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Table 2 Summary of tools/methods, types of interactions and the major findings of interactions in face-to-face science undergraduate laboratories

From: Understanding interactions in face-to-face and remote undergraduate science laboratories: a literature review

Tools/MethodsInteractionsMain FindingsReferences
Practical Tests Assessment Inventory (PTAI) adopted from Tamir, Nussinovitz, and Friedler (1982)Comparative, cooperative, and individualised S-S interactionsCompetitive interactions were proved to be more potent than cooperative and individualised approaches.(Okebukola, 1984)
Questionnaire on Teacher Interaction (QTI)S-I interactionsTeacher behaviours are more strongly related to student learning outcomes than curriculum content.(Wubbels, 1993)
Bloome’s multiple levels of interactionsVerbal and non-verbalThis naturalistic study shows that instructor-student interactions illustrate different features in different stages of the laboratory.(Roychoudhury & Roth, 1996)
The self-developed method through constant comparisonVerbalStudents interact less in inquiry laboratories than non-inquiry approaches.(Krystyniak & Heikkinen, 2007)
Ethnographic and mixed-method comparison of verbal discourseVerbal and non-verbalA comparison between the three groups indicated that to effectively develop conceptual understanding, friendly and relatively critical group atmosphere was required.(Oliveira & Sadler, 2008)
Interviews, observations, and video documentationVerbal and non-verbalThe instructor-student interaction was helpful in guiding students’ activities.(Högström et al., 2010)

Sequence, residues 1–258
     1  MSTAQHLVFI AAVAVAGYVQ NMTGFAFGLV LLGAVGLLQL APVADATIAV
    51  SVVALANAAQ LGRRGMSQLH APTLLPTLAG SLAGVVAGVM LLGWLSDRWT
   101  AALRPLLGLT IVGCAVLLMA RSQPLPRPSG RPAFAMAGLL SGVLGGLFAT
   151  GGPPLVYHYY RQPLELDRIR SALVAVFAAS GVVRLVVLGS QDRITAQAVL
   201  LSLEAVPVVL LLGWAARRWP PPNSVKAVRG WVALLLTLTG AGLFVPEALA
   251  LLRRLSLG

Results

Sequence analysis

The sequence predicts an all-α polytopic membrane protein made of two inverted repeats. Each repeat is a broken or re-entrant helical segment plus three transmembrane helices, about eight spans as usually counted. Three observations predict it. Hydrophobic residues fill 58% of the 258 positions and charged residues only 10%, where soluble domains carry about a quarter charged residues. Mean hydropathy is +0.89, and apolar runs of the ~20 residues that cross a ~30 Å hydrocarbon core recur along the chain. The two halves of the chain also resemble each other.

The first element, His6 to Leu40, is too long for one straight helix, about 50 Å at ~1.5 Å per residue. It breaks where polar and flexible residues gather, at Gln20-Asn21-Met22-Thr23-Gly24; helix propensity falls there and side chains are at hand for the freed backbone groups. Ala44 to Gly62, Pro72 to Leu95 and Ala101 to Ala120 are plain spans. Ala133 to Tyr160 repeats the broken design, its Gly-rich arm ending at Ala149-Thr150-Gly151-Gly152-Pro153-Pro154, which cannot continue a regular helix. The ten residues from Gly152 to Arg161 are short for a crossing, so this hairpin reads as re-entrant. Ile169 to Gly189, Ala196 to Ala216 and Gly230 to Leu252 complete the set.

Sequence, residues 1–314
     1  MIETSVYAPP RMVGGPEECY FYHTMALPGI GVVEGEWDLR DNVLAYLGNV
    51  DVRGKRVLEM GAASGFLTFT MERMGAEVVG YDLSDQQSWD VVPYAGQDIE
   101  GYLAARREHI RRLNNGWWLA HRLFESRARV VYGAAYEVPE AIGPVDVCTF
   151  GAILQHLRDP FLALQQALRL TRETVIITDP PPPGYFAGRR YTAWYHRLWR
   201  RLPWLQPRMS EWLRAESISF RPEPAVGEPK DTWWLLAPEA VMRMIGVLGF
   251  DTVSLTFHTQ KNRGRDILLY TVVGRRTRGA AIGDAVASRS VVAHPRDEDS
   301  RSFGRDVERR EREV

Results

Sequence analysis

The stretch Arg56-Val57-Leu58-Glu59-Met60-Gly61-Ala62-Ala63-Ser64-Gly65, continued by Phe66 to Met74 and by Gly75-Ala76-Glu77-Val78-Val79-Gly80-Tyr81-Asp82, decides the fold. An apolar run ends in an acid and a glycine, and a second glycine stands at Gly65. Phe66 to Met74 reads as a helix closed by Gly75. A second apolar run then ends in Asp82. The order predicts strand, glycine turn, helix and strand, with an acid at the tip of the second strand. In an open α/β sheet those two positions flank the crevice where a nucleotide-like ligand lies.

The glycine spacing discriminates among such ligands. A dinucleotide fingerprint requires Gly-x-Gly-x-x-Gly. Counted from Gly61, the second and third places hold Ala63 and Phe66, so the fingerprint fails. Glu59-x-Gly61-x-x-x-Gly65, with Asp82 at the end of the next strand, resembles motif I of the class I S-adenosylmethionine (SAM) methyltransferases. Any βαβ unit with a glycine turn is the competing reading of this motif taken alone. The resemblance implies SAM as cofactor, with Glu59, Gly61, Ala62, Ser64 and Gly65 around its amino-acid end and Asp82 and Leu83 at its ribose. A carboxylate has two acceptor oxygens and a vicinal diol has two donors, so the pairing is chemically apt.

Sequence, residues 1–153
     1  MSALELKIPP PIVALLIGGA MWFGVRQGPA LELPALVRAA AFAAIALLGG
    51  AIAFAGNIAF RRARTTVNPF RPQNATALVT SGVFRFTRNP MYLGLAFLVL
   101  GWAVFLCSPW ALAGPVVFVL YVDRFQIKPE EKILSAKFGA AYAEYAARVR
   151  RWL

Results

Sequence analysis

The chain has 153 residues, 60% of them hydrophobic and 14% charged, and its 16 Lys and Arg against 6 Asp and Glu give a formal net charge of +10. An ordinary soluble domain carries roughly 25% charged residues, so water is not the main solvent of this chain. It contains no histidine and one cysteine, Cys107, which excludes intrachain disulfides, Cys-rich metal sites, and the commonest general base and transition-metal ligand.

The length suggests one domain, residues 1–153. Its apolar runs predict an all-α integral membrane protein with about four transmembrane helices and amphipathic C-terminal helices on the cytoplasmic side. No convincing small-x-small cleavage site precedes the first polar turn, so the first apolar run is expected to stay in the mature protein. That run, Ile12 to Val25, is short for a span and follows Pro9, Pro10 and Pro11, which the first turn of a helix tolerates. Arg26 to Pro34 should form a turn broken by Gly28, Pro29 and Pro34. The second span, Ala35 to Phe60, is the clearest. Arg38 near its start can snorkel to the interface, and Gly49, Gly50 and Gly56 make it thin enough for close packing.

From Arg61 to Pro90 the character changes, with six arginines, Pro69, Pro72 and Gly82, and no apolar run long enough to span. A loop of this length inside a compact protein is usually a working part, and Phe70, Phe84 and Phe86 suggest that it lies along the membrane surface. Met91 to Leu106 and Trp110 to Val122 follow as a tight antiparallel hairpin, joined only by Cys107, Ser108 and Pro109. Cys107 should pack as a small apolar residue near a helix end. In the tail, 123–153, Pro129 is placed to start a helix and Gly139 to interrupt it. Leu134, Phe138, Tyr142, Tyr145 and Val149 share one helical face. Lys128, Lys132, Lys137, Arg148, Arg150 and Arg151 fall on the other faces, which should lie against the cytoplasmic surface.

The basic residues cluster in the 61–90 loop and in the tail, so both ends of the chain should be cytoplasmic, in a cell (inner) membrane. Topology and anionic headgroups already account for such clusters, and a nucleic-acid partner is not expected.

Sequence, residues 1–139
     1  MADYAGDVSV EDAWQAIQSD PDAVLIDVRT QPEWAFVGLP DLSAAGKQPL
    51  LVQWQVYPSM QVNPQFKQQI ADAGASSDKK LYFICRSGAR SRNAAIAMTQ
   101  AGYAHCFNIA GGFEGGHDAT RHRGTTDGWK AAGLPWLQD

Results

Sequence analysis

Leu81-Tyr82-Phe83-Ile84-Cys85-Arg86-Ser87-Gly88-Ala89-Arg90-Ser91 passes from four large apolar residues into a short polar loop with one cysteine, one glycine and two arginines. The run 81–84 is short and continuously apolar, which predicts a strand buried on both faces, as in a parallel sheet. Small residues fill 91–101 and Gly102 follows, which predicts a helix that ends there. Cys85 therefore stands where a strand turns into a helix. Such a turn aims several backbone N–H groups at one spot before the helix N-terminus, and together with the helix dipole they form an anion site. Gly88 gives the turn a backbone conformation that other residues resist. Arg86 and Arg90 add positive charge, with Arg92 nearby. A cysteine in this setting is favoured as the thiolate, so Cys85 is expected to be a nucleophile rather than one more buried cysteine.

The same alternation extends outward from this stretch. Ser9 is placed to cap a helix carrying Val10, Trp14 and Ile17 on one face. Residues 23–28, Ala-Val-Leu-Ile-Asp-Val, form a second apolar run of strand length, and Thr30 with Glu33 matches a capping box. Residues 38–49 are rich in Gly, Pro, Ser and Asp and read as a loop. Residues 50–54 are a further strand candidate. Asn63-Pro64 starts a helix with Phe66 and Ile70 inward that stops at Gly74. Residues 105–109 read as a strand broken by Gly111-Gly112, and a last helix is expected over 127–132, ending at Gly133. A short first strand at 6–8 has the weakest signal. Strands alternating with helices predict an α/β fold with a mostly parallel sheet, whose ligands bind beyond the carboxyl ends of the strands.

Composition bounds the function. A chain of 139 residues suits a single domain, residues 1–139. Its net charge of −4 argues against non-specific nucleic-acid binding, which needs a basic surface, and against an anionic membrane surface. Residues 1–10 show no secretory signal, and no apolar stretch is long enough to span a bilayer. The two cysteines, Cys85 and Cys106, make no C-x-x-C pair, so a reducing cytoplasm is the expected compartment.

Sociocultural discourse analysisVerbal and non-verbalStudents favoured proposing ideas more than asking questions in a higher level of inquiry laboratories(Xu & Talanquer, 2013)
Tuckman’s stage modelVerbal and non-verbalInstructors can take some methods to realise the students’ behaviour and foster their peer interactions.(Gresser, 2006)
The constant comparison methodS-I verbalThe S-I verbal interactions were influenced by the laboratory content(Flaherty et al., 2017)
Eighteen-category items of teacher/student interactions selected and modified after Ogunniyi and Ramorogo (1994)S-I Verbal and non-verbalHuman-machine interaction in computer-based instruction learning environments: learners need to reallocate cognitive gains and effort and examine possible sources of error.(Kiboss, 1997)
A modified version of the Fennema-Sherman Mathematics Attitude Scale (FSMAS) and a questionnaireStudent AttitudeTAs influence the students’ attitudes to the biology laboratories to a great extent.(Rybczynski & Schussler, 2013)
Student and teaching assistant questionnairesS-I InteractionsTo keep the same TA (over different sessions) gave higher learning outcomes for students than with expert TA model.(Good et al., 2015)
A pre- and post-lab surveyS-S, S-I, S-E and I-I InteractionsStudents with different academic values had different opinions of interactions(Wei et al., 2018)